After the disintegration of the Soviet Union and the Warsaw Pact, questions had risen concerning the logic behind NATO. Gripped by a political and economic crisis, Russia had been almost pitied by the West. The West could have helped to materialise the Russian people’s aspirations for a healthy economy and politics. But quite to the contrary, it increased Russia’s sense of insecurity by not only making way for the Warsaw Pact countries to join NATO, but also gave the same scope to three former Soviet states in the Baltic region. The West surely could conceive Russia’s apprehensions concerning Ukraine’s aspirations to join NATO.

In response to the Russian invasion of Ukraine, the United State and the European Union imposed stern economic sanctions on Russia and the effects of this are already becoming visible. Russia is one of the main suppliers of fuel oil and gas to the global market. The Russian pipeline supplying gas to Europe is still operative, but US has imposed sanctions of Russian oil and gas, leading to prices of these two commodities to spiral globally. Already the price of oil has crossed 100 dollars per barrel. And 47 per cent of European coal imports come from Russia. Russia supplies 15 per cent of the global market for coal. Therein lies Panchagarh’s problem concerning the war.

There was a time when Panchagarh was the most poverty-ridden region of the country. It was a struggle for the marginal farmer to even manage two square meals from an acre or two of land. Those farmers now own small tea gardens on their land. They have built houses of brick and mortar with the money they earn from the tea leaf sales. Many of them have bought motorbikes. Employment and earning opportunities for the labourers have increased. Many may claim credit for this success, but the fact is that this socioeconomic success and massive transformation has been possible due to the initiatives by the valiant freedom fighter Mosharraf Hossain.

It was Mosharraf Hossain who introduced the idea of small tea gardens in the country’s tea industry. Armed with his three decades of experience and observation of various countries around the world, he and his associates were certain that tea could be grown in Panchagarh. Under this leadership and with the investment of hundreds of enthusiastic tea planters together, the Tetulia Tea Company began in the year 2000 with the planting of seedlings in a nursery. Within four years, the Tetulia Tea Company started up its tea factory to produce tea from these leaves. There has been no looking back for Panchagarh since then. This initiative has now crossed the boundaries of Panchagarh to reach Thakurgaon district. In 2021, a total of 23 million kg (2 crore 30 lakh) of tea was produced from 22 factories in North Bengal. This has been a boost to government revenue as well as ensured self reliance in tea production.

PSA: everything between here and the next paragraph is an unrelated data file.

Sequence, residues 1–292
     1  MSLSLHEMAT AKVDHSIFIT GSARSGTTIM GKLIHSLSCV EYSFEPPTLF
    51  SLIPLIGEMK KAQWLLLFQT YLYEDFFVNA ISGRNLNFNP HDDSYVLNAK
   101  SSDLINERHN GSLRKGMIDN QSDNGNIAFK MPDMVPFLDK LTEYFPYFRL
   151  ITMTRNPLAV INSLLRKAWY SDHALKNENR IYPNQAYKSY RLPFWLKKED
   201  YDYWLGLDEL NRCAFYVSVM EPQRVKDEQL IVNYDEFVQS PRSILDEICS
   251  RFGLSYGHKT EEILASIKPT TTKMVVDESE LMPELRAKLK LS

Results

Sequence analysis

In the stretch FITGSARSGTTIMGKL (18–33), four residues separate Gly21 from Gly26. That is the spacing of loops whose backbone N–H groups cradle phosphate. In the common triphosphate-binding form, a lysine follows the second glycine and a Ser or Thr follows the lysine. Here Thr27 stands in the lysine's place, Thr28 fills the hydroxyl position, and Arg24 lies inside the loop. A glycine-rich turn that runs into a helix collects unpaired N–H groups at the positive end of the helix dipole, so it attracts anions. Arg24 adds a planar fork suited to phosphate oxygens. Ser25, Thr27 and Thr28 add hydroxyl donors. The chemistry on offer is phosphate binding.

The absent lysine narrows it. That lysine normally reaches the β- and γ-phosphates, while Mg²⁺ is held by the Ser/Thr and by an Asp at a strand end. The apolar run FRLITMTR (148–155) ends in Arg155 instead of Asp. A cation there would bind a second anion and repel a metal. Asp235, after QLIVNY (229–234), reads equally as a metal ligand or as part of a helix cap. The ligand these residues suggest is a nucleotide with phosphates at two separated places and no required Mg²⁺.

It has been a traditional system to gather the tea leaves from the gardens and process these in the factories. The simple economics of this is: around 60 per cent of the price of one kg of tea or the auction price will go to the tea growing farmer, 20 per cent will be factory costs and the remaining 20 per cent will be gross profit. If the price of tea is Tk 200 a kg, then this system works smoothly. The problems arise if the prices drop, because the cost of processing the tea from the leaf does not lessen.

The price of tea has fallen for quite some time now. Average quality tea is being sold for Tk 150 to Tk 160 per kg. It requires 800 grams of coal as fuel to produce one kg of tea. After the onset of the war, the price of coal has more than doubled. Coal is now being sold at 350 dollars per tonne. So the coal used to produce one kg or tea, which would cost around Tk 9 of Tk 10, now has shot up to Tk 21. The price of tea hasn’t increased in the auction because gas is used in the Sylhet region at the rate of Tk 6 per kg. So the war is simply swallowing up the profits of the Panchagarh tea industry.

Chinese support would have been meaningful in the case of resolving the Rohingya problem. But we see no positive role in that area from our ‘tested friend’ China

The war being waged so far away will not just have an impact on Panchagarh, but will affect the entire country. Prices of essentials were shooting up anyway and the war has added fuel to the fire. The marginal people will flounder under the pressure of living expenses. There will be pressure of high fuel prices, pressure on transport, industrial production, and in all sectors. If the war is extended, this may have a negative impact on export trade too. Bangladesh, after all, does not manufacture war equipment.

On 3 March the UN General Assembly condemned the Russian invasion and passed a resolution with 141-5 votes, calling for immediate withdrawal of Russian troops from Ukraine. Along with Bangladesh, 35 countries abstained from voting. There are differences of opinion over Bangladesh’s stand. Many feel Bangladesh has been correct in adopting this neutral stance. Then again, there is scope to consider how prudent it is in the long run for Bangladesh not to oppose the attack of a strong country on a weak neighbour.

The Chinese ambassador in Dhaka has termed Bangladesh’s stand on the Ukraine issue as justified. Like Bangladesh, China too abstained from voting on the issue in the UN General Assembly. I have not heard our ambassador in Beijing commenting on this. I feel the Chinese ambassador’s comment was unnecessary. Patronising comments from larger neighbours on our policy decisions are unwarranted. Chinese support would have been meaningful in the case of resolving the Rohingya problem. But we see no positive role in that area from our ‘tested friend’ China.

* Md Touhid Hossain is a former foreign secretary

* This column appeared in the print and online edition of Prothom Alo and has been rewritten for the English edition by Ayesha Kabir